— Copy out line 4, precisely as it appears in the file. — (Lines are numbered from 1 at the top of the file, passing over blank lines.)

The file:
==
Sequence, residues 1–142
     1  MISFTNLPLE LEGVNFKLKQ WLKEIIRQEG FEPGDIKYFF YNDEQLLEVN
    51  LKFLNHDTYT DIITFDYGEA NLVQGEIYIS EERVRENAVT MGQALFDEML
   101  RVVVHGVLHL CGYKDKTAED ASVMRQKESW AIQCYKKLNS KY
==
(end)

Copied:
   101  RVVVHGVLHL CGYKDKTAED ASVMRQKESW AIQCYKKLNS KY